You hire great bankers and put together a great team. We moved into Fort Worth three years ago. We have $500 million in loans there. We moved into Lubbock five or six years ago and we have $350 million in loans now. We’re very proud of our culture. A name like Happy State Bank is not easily forgotten. We have a strong reputation in the state. … Other bankers have seen what we have done.
A lot of banks want to hire good lenders. How do you make Happy State stand out?
It is the culture. You still have to pay a fair wage. I think someone once said loan officers have big egos. Let them be themselves. At the same time, hire the personality. Encourage the personality. My ego is massive, so other massive egos don’t bother me at all. I love sparring with other guys and gals. Give them the autonomy. Embrace this culture.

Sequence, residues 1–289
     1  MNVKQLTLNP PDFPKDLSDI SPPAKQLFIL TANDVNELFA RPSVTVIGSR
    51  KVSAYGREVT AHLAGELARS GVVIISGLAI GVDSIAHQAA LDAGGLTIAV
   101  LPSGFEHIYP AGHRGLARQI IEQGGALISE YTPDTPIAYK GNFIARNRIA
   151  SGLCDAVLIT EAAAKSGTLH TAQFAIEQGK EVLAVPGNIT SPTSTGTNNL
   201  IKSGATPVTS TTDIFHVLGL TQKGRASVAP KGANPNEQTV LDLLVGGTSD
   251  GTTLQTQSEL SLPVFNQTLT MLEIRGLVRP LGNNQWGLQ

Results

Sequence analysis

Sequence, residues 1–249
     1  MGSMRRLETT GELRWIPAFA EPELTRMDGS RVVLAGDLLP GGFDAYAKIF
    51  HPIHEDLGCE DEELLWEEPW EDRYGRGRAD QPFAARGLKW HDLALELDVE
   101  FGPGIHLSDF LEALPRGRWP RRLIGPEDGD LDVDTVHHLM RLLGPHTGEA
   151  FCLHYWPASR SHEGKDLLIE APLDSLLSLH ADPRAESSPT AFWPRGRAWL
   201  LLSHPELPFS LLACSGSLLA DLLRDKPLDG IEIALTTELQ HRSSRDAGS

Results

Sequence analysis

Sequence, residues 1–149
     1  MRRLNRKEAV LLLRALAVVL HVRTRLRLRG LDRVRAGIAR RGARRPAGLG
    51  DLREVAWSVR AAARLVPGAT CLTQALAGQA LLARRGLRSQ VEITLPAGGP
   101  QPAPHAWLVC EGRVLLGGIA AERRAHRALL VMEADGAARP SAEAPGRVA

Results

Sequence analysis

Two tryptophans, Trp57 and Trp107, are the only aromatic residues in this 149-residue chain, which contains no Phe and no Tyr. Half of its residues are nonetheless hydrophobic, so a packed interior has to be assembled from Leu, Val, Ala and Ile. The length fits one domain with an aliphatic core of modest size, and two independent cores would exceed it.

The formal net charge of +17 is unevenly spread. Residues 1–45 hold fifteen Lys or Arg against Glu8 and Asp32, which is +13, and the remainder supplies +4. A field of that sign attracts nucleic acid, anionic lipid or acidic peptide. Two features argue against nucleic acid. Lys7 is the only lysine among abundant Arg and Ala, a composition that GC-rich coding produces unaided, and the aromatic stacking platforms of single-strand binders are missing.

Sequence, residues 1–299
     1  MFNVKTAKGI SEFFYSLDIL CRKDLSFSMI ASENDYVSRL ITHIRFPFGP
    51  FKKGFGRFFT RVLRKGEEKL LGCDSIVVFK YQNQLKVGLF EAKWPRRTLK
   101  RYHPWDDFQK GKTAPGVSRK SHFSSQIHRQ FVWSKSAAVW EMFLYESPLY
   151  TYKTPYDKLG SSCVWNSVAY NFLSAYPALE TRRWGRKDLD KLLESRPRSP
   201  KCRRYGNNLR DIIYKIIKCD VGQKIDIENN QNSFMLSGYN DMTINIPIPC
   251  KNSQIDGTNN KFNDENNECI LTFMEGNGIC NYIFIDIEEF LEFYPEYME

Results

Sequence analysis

Quote'Someone once said loan officers have big egos. Hire the personality. Encourage the personality. My ego is massive so other massive egos don’t bother me at all.'
One of our core values is that your family will come first. Period. I don’t care what the situation is. [Before a core conversion] I had an employee tell me that they had a family deal coming up. I said, "That’s where you’re going to be." If your child or grandchild is doing something and you aren’t there, then there’s something wrong with your priorities. We want you to put your family first. There are a lot of businesses that claim that, but very few that actually under every circumstance — and I mean under every circumstance — mean it.